The highlight of the day was a brief visit to the famous Taj Mahal which was built in the 16th century AD by Emperor Shah Jahan in memory of his beloved wife Mumtaz Mahal....a breathtaking and beautiful mausoleum which has come to symbolise the exquisite delicacy of that highest of human emotions...'ofa ma hanisi.
My visit to India this time reminded me of my secondary school days in Malhaha when I first learnt the history and geography of this vast and diverse South Asian continent. In this regard I am most grateful to the late Mr. Ieli Irava and ö'fa ta Fagmaniue Wilson Inia whose vivid descriptions and presentations on India during those school days enabled me to identify and better understand this fascinating 'Land of the Tiger'.
These are some of my thoughts and observations which I would like to share with our many kainaga whom I hope would be able to visit this beautiful country in the future. Prior to my departure the Indian Contingent Commander Colonel Dalip Bhadwarg jokingly told me that to see the country completely, a lifetime maybe too short. Even a glimpse is exhilarating, he added. I agree with him. I vaguely remembered from my history lessons that until Vasco Da Gama discovered the sea route to India, Bharat Hindustan in 1498, European Colonial powers in those days had remained cut off from this exotic land which was full of warmth, spices, silk and jewels. Once they gained access to India, the Europeans sought to further their business interests by aligning themselves with the local rulers, the Maharajas. The turning point came in 1757 when the British under Robert Clive defeated Nawab Siraj Ud Daulah at the Battle of Plassey and established British rule...the days of the Raj. European influence brought with it the advancement of scientific thought which inevitably led to the emergence of modern Indian nationalism and the epic struggle for independence. Out of the depths of Indian consciousness arose Mohandas Kormuchand Ghandi who used the principal of Satyagraha (nonviolent) resistance that brought to an end about two centuries of British Colonial rule.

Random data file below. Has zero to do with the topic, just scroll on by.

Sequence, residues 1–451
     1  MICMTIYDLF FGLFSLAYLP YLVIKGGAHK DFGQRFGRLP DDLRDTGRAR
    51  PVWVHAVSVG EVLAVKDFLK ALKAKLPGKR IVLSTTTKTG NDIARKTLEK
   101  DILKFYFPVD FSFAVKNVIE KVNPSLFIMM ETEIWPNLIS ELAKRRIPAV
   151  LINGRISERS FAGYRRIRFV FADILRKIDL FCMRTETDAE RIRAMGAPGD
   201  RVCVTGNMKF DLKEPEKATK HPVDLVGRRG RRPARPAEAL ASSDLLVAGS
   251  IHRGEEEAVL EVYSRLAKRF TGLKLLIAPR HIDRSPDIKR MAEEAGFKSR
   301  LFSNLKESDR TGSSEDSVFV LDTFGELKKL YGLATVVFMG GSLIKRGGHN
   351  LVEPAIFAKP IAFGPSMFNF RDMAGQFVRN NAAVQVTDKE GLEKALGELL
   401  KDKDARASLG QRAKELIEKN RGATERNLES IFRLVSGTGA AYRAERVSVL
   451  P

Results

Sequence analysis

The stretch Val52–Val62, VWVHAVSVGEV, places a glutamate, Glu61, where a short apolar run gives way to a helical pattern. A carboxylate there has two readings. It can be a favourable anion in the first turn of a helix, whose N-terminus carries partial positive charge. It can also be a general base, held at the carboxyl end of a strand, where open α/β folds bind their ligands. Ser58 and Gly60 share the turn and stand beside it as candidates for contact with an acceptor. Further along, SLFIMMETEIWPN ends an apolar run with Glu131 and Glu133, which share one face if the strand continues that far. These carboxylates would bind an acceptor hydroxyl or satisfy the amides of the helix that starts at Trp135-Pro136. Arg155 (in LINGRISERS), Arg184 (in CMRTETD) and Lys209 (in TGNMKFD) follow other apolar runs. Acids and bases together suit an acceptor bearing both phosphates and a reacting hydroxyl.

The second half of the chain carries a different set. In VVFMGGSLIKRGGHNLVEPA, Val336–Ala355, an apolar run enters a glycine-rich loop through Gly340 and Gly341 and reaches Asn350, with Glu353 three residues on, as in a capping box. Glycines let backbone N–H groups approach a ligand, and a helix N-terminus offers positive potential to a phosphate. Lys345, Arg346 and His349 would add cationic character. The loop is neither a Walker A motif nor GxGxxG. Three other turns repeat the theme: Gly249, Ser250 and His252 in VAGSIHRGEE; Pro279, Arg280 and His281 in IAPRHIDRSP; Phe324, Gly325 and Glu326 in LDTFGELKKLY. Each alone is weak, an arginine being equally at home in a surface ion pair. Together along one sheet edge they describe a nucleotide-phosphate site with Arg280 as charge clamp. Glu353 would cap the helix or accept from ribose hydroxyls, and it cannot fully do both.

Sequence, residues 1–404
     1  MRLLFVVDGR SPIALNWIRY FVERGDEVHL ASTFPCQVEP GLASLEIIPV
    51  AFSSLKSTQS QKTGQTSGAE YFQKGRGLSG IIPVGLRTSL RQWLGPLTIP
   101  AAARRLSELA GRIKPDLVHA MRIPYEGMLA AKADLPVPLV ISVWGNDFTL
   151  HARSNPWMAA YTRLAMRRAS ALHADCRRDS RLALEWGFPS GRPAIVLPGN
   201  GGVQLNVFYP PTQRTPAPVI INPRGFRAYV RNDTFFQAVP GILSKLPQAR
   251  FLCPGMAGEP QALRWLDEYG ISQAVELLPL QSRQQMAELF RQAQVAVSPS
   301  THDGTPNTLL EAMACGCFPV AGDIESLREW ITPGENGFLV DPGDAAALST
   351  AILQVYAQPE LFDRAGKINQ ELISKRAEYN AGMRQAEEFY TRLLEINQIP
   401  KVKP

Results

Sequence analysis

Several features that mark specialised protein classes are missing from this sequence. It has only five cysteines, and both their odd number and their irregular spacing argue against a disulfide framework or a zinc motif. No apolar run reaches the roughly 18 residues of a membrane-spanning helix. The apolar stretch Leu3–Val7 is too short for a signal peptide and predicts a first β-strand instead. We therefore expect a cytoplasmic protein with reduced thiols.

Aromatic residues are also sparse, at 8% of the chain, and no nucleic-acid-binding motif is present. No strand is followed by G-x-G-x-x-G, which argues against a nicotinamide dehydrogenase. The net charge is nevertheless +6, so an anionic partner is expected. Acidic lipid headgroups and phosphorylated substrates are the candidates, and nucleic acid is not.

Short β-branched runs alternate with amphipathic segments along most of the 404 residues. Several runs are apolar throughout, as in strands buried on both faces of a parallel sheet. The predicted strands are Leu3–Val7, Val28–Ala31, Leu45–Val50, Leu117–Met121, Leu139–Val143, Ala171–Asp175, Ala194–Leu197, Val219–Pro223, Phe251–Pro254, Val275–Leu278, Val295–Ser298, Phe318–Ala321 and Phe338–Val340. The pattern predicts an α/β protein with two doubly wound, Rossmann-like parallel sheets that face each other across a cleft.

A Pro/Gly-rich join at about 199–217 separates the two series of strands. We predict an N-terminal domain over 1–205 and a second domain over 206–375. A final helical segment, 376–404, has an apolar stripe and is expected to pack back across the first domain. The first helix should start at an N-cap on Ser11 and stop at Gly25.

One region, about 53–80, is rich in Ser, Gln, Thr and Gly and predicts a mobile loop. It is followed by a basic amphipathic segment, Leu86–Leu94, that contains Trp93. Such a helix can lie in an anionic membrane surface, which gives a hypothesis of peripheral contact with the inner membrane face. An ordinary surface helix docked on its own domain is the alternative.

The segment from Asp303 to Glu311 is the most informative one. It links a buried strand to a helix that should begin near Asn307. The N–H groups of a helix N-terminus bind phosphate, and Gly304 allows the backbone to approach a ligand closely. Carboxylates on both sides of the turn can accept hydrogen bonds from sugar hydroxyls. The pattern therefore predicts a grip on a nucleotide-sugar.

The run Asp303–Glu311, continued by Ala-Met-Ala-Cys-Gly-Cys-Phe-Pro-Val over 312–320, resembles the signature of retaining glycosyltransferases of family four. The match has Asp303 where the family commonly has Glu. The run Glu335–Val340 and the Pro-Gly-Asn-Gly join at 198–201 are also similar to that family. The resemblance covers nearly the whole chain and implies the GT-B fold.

Today, India is often described as the gentle South Asian giant. It is the largest democracy in the world. It is home to approximately 980 million people...a multitude of ethnic and religious groups epitomising 'Unity In Diversity'. Politically, India is a Sovereign Secular Democratic Federation of 26 states and 6 Union Territories. It has a multiparty Parliamentary Democratic system (which Fiji is going to be after the May elections). I am still amazed at how successive Indian governments have been able to keep the country together since independence on 15th August 1947. It has been quite a feat.
My Indian experience has been exhilarating and unforgettable. Perhaps it could be best summed up by a quote from Laurette Rabindra Nath Tagore's poem which won the 1913 Nobel Prize :
My return trip to Lebanon through Kuwait reminded me of my previous transits through Kuwait City to and from Beirut before the Gulf war. It was uneventful and could be considered as an anticlimax following my most enjoyable and memorable visit to India. At the airport I was met and briefed about the latest operational situation in the Gulf by two of our Fijian officers who were presently serving with the UN Observer Mission in Kuwait and Iraq. Fiji has been contributing military officers to this mission since the end of the Gulf war and over the years a number of our Rotumans have served in its ranks.
Prior to boarding the Middle East airline flight for the last leg of my return trip to Lebanon, I could not help but notice the many Arabs at the departure lounge who were obviously on their annual pilgrimage to Mecca. As I watched these pilgrims count their prayer beads and recite versus from the Koran I wished that they would remember us in their prayers as well as we endeavour to bring about a lasting peace to their most troublesome part of the world which has not enjoyed peace and harmony for so long.